"Estimates are useful for junior teams""New physists need to learn about earth, wind, and fire first, then we'll teach them about the periodic table."
Someone recently told me that they believe “[backlog item] estimates are useful for junior teams.”
I heard a similar claim a few weeks ago, in the context of #NoEstimates techniques, like simple counting backlog items, rather than story-pointing. “No Estimates is an advanced technique. First you need to learn to do proper estimation.”
Hmm. I’m trying to understand this.
A key premise of the No Estimates ideology is that estimates are often a waste of time. They don’t provide much decision-making power, and often require a lot of effort and toil to produce.
If we agree that this is true, that estimates are imprecise, and labor-intensive, and that No Estimates approaches are therefore easier and more accurate, why on earth would we insist that “junior teams” learn the slow, difficult way first?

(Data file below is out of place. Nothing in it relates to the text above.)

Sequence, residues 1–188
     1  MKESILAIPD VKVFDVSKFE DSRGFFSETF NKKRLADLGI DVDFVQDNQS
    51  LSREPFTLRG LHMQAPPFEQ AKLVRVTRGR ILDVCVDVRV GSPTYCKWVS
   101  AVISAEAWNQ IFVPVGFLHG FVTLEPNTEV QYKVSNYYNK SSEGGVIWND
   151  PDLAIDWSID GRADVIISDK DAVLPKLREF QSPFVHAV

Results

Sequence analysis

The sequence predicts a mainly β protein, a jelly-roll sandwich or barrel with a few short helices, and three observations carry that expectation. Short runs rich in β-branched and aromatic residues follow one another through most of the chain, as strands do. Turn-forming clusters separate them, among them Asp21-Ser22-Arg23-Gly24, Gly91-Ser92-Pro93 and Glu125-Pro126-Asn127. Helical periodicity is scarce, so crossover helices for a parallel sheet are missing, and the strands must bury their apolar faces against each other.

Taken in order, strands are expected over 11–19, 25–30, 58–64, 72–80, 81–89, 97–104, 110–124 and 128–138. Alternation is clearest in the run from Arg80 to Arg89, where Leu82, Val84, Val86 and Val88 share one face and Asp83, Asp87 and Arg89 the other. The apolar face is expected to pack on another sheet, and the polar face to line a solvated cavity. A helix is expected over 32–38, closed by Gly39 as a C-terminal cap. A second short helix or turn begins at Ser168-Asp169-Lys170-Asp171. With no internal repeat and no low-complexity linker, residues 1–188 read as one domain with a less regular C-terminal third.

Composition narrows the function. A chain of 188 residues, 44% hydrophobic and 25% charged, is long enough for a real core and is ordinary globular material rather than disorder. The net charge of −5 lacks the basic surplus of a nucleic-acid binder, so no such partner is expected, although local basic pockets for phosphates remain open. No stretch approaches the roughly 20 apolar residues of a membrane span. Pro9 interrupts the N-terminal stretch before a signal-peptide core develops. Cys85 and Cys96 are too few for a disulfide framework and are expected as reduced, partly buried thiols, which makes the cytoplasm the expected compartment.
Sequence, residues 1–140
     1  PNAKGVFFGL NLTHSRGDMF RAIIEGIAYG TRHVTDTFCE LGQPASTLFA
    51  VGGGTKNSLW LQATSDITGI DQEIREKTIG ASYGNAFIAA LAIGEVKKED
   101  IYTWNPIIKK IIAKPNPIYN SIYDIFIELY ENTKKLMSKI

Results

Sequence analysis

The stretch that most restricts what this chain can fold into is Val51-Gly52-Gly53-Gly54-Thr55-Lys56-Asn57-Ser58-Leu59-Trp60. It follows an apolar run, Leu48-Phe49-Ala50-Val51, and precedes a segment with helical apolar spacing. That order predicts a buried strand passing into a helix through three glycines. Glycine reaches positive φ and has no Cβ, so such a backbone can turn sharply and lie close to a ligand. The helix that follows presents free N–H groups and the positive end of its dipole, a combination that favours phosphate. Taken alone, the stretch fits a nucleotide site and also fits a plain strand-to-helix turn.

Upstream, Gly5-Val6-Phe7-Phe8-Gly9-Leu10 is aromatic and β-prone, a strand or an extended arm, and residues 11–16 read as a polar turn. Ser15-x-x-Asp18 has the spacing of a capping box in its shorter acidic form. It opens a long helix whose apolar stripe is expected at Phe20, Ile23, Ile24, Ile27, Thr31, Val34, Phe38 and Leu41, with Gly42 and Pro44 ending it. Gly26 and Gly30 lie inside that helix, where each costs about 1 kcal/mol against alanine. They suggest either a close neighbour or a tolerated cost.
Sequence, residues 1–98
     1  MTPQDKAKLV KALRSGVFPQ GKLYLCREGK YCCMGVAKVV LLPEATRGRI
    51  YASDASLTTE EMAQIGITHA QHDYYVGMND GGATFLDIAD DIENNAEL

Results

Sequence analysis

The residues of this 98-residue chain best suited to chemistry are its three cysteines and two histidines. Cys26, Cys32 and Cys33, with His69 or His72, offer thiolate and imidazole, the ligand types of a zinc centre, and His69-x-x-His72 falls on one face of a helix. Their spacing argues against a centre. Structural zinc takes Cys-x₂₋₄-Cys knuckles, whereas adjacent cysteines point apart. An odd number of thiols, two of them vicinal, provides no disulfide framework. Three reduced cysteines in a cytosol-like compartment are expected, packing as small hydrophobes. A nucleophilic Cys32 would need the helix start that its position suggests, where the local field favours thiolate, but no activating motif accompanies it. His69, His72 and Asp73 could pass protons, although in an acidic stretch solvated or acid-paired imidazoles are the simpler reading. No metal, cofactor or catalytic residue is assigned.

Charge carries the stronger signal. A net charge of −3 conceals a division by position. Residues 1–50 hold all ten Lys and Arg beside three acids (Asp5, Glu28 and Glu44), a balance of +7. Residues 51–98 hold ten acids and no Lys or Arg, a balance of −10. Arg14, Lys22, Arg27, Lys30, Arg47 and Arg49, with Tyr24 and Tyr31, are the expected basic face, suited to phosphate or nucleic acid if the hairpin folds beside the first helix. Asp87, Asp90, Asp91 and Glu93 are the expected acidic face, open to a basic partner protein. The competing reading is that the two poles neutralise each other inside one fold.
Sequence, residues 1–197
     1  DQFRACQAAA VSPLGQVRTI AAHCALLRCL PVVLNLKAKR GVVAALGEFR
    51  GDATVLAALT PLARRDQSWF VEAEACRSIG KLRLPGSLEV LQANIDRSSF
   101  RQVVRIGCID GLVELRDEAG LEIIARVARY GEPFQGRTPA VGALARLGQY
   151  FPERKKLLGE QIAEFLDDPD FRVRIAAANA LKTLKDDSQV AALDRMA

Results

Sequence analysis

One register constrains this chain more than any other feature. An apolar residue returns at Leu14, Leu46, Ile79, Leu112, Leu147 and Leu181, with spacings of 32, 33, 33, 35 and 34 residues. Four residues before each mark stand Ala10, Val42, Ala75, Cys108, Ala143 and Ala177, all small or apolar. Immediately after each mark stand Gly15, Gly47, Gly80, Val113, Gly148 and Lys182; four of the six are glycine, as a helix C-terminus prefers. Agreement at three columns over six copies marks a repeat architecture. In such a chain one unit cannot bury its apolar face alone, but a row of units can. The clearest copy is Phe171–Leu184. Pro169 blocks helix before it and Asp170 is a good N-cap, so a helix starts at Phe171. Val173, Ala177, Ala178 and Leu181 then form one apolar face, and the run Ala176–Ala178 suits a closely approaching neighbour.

It’s not like the slow, difficult process is easier than the item-count approach. If it were, it might make sense to train new teams on the easy process first, then on the more complicated, but more accurate, process later.
So what gives?
My theory is that the people making these claims that new teams need to learn estimating techniques are only repeating their own experience. They learned estimating techniques first, then later learned no-estimates techniques. It was a progression in their own careers and knowledge and understanding. So it seems like others should learn things in the same order.
I don’t think this really makes sense. We stopped teaching that all matter is made of earth, wind, and fire, when we discovered it was an inaccurate model. We didn’t insist that “new physists need to learn about earth, wind, and fire first… then we’ll teach them about the periodic table.”
Will Button and I had a conversation about the broader topic of team maturity, which touched on this exact example, in a recent episode of the Adventures in DevOps Podcast. Have a listen.
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